While our politicians continue to be mostly absorbed by themselves, and continue to play the short-term, opportunistic, populist, mostly negative ‘game’ they call a political ‘profession’, so many of our key policy challenges have been left to drift, with what are becoming disastrous consequences.
Just this week we heard of three – the collapsing standards in our schools, the rapidly growing queues at our public hospitals, and the ‘gas crisis’.
This week we heard that our schools are ‘off the pace’ in science. This follows evidence in recent weeks that we still have declining standards of literacy and numeracy in our schools, despite the considerable amounts being spent.
There are, of course, many reasons for this, with responsibilities being shared not only by teachers, schools, and education authorities, but also parents. Unfortunately, community discussion of these issues often degenerates into a ‘blame game’, rather that a constructive assessment of the challenges and responses.
Regarding comparisons made between our schools and those in say Singapore (where education has been the number one national policy priority), it’s important to note that in selecting teachers the Singaporeans ensure that they take from the top 30 percent of the graduating class. We don’t!
Moreover, we significantly underpay our teachers, and don’t afford them the social status that their profession deserves.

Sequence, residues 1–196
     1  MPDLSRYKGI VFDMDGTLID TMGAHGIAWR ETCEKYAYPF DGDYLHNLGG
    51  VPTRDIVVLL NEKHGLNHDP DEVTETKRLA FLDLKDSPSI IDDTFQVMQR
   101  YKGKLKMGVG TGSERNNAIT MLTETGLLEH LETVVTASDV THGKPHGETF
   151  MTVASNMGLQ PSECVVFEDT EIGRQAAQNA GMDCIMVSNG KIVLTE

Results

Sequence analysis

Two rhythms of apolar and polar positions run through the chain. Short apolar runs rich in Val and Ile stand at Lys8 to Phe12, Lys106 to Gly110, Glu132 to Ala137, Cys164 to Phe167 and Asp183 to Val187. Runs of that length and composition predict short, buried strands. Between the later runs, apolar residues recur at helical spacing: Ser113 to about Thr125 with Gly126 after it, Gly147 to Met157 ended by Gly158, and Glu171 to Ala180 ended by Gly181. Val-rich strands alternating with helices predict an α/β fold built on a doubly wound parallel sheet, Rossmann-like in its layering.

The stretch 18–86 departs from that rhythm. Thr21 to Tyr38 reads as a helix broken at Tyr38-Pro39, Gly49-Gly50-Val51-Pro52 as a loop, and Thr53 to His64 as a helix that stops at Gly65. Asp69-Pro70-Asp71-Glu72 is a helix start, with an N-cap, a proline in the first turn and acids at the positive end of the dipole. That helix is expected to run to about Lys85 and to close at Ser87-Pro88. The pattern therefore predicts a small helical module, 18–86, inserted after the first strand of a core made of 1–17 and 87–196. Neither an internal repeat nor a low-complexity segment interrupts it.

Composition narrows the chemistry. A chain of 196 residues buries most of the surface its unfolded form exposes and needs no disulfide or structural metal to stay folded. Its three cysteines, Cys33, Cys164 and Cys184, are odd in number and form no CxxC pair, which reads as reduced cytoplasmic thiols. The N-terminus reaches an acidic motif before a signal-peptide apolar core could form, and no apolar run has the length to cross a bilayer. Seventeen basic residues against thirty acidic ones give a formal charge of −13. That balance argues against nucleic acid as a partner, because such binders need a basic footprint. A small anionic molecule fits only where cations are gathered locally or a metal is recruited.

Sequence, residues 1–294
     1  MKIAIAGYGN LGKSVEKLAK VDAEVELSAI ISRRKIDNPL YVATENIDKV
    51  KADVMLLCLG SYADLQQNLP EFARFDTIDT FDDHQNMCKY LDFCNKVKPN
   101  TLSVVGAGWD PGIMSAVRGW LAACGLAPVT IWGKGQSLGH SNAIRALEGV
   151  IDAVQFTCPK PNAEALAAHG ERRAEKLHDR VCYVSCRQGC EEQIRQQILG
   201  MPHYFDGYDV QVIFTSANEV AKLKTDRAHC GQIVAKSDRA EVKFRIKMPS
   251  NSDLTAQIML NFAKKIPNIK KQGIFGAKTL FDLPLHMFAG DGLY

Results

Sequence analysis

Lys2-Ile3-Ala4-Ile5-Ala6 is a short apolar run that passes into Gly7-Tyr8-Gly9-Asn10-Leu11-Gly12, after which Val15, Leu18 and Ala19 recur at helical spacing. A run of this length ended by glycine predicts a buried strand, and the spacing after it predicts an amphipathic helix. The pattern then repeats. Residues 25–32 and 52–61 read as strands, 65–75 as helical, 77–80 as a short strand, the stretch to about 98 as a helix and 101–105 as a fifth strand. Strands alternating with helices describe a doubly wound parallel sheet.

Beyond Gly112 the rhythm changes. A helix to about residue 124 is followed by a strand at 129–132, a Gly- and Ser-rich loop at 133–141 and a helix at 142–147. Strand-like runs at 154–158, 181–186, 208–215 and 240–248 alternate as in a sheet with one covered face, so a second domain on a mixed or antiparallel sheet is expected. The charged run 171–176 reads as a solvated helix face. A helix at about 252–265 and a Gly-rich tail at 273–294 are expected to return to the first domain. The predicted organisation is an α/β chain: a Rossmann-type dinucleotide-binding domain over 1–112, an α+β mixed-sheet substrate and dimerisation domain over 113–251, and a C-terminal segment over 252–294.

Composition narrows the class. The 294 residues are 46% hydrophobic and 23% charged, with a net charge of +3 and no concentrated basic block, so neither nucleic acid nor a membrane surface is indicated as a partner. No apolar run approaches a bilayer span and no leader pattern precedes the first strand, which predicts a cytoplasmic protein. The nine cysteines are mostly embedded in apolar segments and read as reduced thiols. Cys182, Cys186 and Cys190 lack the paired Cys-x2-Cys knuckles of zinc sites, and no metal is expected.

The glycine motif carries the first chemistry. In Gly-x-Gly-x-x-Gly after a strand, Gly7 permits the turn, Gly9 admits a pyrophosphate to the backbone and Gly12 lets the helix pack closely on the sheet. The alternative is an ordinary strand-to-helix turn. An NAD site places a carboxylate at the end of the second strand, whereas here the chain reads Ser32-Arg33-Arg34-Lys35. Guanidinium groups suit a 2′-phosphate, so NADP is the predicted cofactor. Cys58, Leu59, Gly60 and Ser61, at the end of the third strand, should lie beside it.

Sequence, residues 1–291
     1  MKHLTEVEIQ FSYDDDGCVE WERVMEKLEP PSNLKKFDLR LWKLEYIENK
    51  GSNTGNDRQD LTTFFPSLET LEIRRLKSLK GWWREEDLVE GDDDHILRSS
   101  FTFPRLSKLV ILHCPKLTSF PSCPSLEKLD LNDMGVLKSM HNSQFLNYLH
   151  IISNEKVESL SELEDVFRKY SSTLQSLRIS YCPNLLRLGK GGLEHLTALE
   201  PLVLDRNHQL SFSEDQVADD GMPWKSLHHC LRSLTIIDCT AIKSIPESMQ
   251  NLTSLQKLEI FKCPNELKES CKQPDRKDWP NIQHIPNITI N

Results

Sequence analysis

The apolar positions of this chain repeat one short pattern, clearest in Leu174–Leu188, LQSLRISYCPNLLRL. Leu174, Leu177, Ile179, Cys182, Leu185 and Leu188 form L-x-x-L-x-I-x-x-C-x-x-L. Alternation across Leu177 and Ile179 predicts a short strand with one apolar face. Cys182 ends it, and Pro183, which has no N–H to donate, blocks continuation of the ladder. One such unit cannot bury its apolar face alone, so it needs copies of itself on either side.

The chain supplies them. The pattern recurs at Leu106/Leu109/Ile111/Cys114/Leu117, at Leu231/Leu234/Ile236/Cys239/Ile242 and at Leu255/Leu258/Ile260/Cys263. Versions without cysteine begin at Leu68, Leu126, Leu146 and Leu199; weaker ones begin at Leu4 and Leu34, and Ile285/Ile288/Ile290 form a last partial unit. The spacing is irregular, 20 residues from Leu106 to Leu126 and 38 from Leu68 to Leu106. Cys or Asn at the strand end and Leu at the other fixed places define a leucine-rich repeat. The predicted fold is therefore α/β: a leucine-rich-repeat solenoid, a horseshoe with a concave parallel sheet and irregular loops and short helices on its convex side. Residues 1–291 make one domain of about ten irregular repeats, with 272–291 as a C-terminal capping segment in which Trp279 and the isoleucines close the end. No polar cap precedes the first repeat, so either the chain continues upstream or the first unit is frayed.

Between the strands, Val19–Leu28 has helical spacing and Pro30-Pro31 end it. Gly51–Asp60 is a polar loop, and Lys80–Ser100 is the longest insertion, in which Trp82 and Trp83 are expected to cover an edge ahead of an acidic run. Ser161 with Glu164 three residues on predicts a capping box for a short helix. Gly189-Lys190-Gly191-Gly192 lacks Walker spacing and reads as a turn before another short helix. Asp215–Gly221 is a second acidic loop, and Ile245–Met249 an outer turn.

Mounting queues at public hospitals for emergency services is a problem they should have seen coming, with the rapid ageing of our population, the rising cost of health insurance, with private hospitals focusing on elective surgery (avoiding emergency services).
Health budgets are rapidly moving into crisis territory, where services are being rationed, and its is hard to see how quality can be maintained without significantly more funding, and private hospitals picking up some of the emergency load.
The ‘gas crisis’ stands as a monument to misdirected energy policy. The major industry players were ‘encouraged’ to spend some $250billion in the development of the industry, but were able to commit 100 percent of the gas to exports, reserving none for our domestic market, and they won’t have to pay any tax on their ‘real profits’ for a decade or two.
As gas is a significant national asset, policy should have reserved some of the gas for our domestic market, and ensured that revenue flowed to the benefit of our whole society, not just a few multinationals.
As a consequence we face a significant domestic gas shortage, with prices already skyrocketing, putting at risk many industries, including paper and glass, that are heavily dependent on affordable gas supply, and now risking many thousands of jobs.
These are only three of examples of policy neglect and failure that extends across most areas. Is it any wonder that we have Hanson and others attracting electoral support as voters are rapidly losing trust in major political parties and processes?
A majority of voters have been left to struggle trying to make ends meet in their daily lives, disenfranchised from their political system.
Voters justifiably expect their politicians and bureaucrats to focus on good policy, and to deliver good government, to address challenges, to solve problems, to plan well into the future.